“So at one point we were drunk and fighting, and he tied me up and poured lighter fluid on me and lit me on fire. My chest caught fire, I remember seeing flames. And then he realized what he did. He took a towel and put it out. And I needed to go to the hospital because I just was all blistered. My nose was black. My eyelashes still on this side, they’re always going to be curled weird. The cops pinged his phone, like a state-wide, because it was a big deal. He ended up only going to jail for 9 months, and I took him back when he got out. Like I didn’t even care, just it was familiar.
“Discipline has been huge in my recovery. So I hear people say like, ‘Oh, I’m just not motivated or I wish I was motivated.’ Motivation is so temporary. Like you can stay motivated for maybe a week, but it’s going to run out. You cannot do your life on just being motivated. None of us are motivated 100% of the time because we’re human and we lose that. But, and this is something I learned at Anna Ogden too is our thought processes and the power we have over our thoughts, I can choose what I’m going to do. I can choose to train for a half marathon even when I don’t want to. Even when I want to stay in bed, I can choose to not. (She laughs) And that’s power. You know, that’s really a lot of power. And it goes with my whole life.” – Emily, Spokane
“We’re all hungry. And God’s provided food for all of us. And that’s the one thing that I should never withhold. I mean I can’t help you with money. I can’t help you with marriage counseling. I can’t help you with all these other needs. But for some reason, I’ve always been able to help with food. So you know, I’ve always found that if people are fed, they’re more receptive. If you’re hungry and you’re consistently hungry, you’re edgy, you’re crabby, your brain’s not working fully, you’re not motivated to work. I mean how can you work if you’re hungry?”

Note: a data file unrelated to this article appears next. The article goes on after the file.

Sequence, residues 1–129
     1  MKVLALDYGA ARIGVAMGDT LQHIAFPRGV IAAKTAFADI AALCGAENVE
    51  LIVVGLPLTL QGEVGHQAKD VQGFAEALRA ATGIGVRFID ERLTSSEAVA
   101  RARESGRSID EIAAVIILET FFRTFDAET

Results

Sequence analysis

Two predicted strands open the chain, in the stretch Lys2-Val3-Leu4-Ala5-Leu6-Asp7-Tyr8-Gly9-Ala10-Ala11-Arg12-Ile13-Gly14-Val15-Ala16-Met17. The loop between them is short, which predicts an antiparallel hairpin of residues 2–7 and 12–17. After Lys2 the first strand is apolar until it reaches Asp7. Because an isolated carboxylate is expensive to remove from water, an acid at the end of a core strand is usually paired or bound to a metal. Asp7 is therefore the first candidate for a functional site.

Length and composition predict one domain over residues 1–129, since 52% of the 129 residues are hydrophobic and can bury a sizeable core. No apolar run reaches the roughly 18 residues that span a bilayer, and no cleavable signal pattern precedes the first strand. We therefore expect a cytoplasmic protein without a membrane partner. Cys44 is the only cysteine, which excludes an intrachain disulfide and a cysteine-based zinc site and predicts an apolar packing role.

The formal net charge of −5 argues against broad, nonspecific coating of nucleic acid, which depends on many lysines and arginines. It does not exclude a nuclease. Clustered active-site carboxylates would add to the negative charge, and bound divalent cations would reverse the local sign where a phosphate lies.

“Compassion is a spectrum, and I think it is compassionate to deal with people’s basic needs. But I think so often our compassion is an expression of our own unwillingness to take the time to actually do what will long term help somebody. If I drive by somebody panhandling on the corner, it is far easier for me to reach in and put a dollar into the hat than it is to say, ‘Would you come and have a hamburger with me down the street? I want to find out about you as a person.’ And that gives me the opportunity to actually develop a relationship…Street people are notoriously poor in terms of relationships with people outside the street population, and it’s those relationships that are probably going to move them forward into a better life in general.” – John Repsold, Mosaic Fellowship, Spokane
“The average person has a hard job. This is what I mean by that. I go out to speak at groups all the time, and I ask them, ‘When you think of homelessness, what images come to mind?’ And I always hear dirty, drug-addicted, smelly and cardboard signs…all those kinds of phrases. And they’re right. They are kind of dirty, kind of smelly, and they do hold cardboard signs. And then we call them a human being. Right? The homeless person. Why can’t we just admit that whenever we think of homelessness, those are the images that come through our minds?